Savadhi, Sāvadhi: 11 definitions
Savadhi means something in Hinduism, Sanskrit, Marathi, Hindi. If you want to know the exact meaning, history, etymology or English translation of this term then check out the descriptions on this page. Add your comment or reference to a book if you want to contribute to this summary article.
Alternative spellings of this word include Savdhi.
Shaktism (Shakta philosophy)
Sāvadhi (सावधि) refers to one of two forms of liberation [?], according to the Manthānabhairavatantra, a vast sprawling work that belongs to a corpus of Tantric texts concerned with the worship of the goddess Kubjikā.—Accordingly, [while expounding Kaula and the Nine Kaulas]—“Free of (both forms of liberation, namely) ultimate (sāvadhi-niravadhi-mukta) and otherwise, devoid of emanation and withdrawal, I praise Kaula the Nameless (absolute) free of differentiation that accomplishes (all things)”.
Shakta (शाक्त, śākta) or Shaktism (śāktism) represents a tradition of Hinduism where the Goddess (Devi) is revered and worshipped. Shakta literature includes a range of scriptures, including various Agamas and Tantras, although its roots may be traced back to the Vedas.
Languages of India and abroad
sāvadhi (सावधि).—& sāvadhika a (S sa With, avadhi Bound.) That has bound or limit; definite, finite, circumscribed, moderate, temperate &c. Ex. īśvarācē guṇa sā0 nāhīnta; bhōjana bhāṣaṇa sā0 karāvēṃ. 2 That has yet time before it; of which the time (of execution, takingplace &c.) is not yet arrived. Ex. ajhūna tumacēṃ lagna sā0 āhē ēvhāmpāsūna kaśālā khaṭapaṭa karitāṃ? Also of which the term or period is yet unexpired or unfulfilled. 3 That has space yet remaining to be crossed or passed; having interval;--used of any object at a distance or apart. Also having interstice generally. 4 From accommodation of the first sense arises the classical and important sense Particular, not general or common; i. e. confined, restricted, observing bounds; as śēta is particular with respect to jamīna, phūlajhāḍa with reference to jhāḍa. Hence also the sense Comparative or relative; respective or referential.Source: DDSA: The Aryabhusan school dictionary, Marathi-English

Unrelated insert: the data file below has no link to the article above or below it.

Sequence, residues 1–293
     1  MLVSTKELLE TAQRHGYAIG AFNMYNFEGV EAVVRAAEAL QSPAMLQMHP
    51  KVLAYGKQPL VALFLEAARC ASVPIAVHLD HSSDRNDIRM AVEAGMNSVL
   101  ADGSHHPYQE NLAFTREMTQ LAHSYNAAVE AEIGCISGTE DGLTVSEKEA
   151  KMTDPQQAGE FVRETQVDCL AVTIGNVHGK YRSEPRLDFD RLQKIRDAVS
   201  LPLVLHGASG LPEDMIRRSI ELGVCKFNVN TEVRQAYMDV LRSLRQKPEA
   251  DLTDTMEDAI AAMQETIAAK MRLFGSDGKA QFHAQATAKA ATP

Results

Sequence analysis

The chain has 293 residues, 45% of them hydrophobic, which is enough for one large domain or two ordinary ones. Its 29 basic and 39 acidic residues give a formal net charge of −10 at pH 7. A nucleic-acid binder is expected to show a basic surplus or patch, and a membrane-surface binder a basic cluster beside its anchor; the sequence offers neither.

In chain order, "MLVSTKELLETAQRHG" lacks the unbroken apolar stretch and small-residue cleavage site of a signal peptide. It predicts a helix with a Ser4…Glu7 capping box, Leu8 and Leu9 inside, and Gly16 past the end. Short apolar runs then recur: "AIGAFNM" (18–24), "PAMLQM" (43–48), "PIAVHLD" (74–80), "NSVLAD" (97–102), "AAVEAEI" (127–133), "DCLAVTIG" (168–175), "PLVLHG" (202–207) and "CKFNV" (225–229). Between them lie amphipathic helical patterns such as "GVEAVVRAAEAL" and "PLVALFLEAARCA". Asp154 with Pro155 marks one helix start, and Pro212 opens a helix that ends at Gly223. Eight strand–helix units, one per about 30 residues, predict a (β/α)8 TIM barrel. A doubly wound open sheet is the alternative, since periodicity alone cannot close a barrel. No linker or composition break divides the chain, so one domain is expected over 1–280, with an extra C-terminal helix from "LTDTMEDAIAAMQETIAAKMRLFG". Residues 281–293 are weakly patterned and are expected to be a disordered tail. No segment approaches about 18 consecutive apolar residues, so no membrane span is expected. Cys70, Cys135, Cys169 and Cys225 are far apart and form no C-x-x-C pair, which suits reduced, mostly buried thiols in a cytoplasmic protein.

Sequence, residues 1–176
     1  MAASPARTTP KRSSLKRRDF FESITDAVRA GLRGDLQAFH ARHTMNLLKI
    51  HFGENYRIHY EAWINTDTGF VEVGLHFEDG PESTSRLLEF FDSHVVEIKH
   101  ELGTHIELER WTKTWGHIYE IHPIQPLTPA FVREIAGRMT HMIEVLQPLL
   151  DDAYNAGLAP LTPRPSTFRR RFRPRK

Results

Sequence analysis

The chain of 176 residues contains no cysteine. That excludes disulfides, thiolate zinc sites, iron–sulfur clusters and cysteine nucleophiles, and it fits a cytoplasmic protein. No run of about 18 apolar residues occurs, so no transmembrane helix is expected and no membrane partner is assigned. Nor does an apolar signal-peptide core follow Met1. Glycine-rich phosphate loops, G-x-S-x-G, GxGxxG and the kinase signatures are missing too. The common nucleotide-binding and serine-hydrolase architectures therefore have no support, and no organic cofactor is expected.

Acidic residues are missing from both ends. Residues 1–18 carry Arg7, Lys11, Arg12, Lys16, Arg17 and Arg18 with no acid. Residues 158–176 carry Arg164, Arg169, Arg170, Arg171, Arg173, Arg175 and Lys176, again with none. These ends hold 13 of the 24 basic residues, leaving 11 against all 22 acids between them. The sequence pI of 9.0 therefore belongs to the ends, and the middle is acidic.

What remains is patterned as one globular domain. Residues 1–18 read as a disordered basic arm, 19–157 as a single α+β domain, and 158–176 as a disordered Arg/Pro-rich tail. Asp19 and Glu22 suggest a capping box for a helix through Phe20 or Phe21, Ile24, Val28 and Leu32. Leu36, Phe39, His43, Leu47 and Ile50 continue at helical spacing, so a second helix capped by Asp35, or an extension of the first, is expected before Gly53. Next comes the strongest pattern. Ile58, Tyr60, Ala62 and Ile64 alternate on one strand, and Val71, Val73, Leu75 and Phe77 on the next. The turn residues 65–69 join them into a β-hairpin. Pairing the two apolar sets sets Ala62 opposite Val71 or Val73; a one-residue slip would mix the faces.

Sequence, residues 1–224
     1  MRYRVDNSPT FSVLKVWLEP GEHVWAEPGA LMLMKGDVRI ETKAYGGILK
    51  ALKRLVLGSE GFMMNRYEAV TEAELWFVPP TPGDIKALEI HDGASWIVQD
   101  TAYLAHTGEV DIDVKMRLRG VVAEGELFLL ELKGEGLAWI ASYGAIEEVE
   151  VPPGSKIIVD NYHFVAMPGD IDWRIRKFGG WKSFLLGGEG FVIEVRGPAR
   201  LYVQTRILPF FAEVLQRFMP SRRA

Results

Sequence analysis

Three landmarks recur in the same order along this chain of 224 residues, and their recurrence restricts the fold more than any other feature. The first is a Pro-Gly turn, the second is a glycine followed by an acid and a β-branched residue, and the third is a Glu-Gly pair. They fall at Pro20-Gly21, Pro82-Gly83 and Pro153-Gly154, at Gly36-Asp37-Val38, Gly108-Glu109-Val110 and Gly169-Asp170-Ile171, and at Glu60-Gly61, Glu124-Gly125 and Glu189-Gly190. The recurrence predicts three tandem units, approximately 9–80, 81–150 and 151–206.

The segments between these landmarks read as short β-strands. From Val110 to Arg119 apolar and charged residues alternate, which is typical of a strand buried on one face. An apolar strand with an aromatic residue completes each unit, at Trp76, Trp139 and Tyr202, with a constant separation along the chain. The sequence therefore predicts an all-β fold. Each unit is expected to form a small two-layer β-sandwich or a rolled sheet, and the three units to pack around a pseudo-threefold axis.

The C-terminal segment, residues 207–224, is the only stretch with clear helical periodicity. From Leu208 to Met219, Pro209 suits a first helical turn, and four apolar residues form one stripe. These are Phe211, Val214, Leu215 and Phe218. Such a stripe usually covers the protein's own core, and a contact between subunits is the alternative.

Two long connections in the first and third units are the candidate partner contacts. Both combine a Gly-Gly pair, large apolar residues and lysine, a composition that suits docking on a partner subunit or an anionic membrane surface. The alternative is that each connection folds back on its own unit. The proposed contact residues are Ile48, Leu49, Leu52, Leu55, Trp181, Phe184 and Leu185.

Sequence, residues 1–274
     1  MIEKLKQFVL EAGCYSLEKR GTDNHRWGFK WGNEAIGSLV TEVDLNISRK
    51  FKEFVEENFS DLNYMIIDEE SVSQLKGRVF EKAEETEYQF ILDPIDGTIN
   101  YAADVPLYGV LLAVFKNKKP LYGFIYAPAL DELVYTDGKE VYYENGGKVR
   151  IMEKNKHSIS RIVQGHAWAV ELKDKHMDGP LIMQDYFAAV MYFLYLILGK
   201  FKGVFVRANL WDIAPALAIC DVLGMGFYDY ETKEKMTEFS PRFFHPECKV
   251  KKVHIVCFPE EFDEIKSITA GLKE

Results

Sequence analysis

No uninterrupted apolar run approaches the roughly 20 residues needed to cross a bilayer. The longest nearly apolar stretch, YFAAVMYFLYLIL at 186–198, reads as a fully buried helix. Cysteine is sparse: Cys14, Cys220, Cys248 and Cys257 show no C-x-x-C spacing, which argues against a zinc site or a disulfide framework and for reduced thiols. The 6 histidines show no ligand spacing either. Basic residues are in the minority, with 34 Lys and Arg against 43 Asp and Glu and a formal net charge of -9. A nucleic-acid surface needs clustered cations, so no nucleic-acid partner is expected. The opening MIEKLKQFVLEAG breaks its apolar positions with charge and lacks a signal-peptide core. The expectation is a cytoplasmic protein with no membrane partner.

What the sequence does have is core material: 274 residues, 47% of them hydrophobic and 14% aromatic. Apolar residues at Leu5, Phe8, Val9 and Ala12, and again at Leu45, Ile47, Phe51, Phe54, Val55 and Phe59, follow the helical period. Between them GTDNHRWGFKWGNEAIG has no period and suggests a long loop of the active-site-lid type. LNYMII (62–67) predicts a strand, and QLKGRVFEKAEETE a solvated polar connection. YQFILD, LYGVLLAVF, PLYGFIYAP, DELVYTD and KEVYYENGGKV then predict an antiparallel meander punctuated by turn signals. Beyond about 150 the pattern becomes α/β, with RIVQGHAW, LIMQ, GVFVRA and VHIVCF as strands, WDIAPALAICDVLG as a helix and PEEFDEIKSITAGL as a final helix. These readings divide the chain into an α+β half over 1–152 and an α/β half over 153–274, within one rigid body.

sāvadhi (सावधि).—a That has bound or limit. That has yet time before it.
Marathi is an Indo-European language having over 70 million native speakers people in (predominantly) Maharashtra India. Marathi, like many other Indo-Aryan languages, evolved from early forms of Prakrit, which itself is a subset of Sanskrit, one of the most ancient languages of the world.
Sāvadhi (सावधि).—a. Having a bound or limit, limited; finite, defined, circumscribed; सावधिस्तोयराशिस्ते यशोराशेस्तु नावधिः (sāvadhistoyarāśiste yaśorāśestu nāvadhiḥ) Subhāṣ.Source: Cologne Digital Sanskrit Dictionaries: Shabda-Sagara Sanskrit-English Dictionary
Sāvadhi (सावधि).—Adj. 1. Having a bound. 2. Finite, defined, circumscribed.Source: Cologne Digital Sanskrit Dictionaries: Benfey Sanskrit-English Dictionary
Sāvadhi (सावधि).—adj. with the end, [Kathāsaritsāgara, (ed. Brockhaus.)] 9, 52.
Sāvadhi is a Sanskrit compound consisting of the terms sa and avadhi (अवधि).Source: Cologne Digital Sanskrit Dictionaries: Cappeller Sanskrit-English Dictionary
Sāvadhi (सावधि).—[adjective] limited.Source: Cologne Digital Sanskrit Dictionaries: Monier-Williams Sanskrit-English Dictionary
Sāvadhi (सावधि):—mfn. having a boundary or limit, defined, circumscribed, [Kathāsaritsāgara]
[Sanskrit to German]
Sanskrit, also spelled संस्कृतम् (saṃskṛtam), is an ancient language of India commonly seen as the grandmother of the Indo-European language family (even English!). Closely allied with Prakrit and Pali, Sanskrit is more exhaustive in both grammar and terms and has the most extensive collection of literature in the world, greatly surpassing its sister-languages Greek and Latin.
Sāvadhi (सावधि) [Also spelled savdhi]:—(a) timed, with a time-limit.
1) [adjective] limited by time; having a date for completing, repaying, etc.
2) [adjective] having a boundary; circumscribed.
Kannada is a Dravidian language (as opposed to the Indo-European language family) mainly spoken in the southwestern region of India.
See also (Relevant definitions)
Starts with: Savadhika.
Ends with: Deshavadhi, Lakshavadhi.
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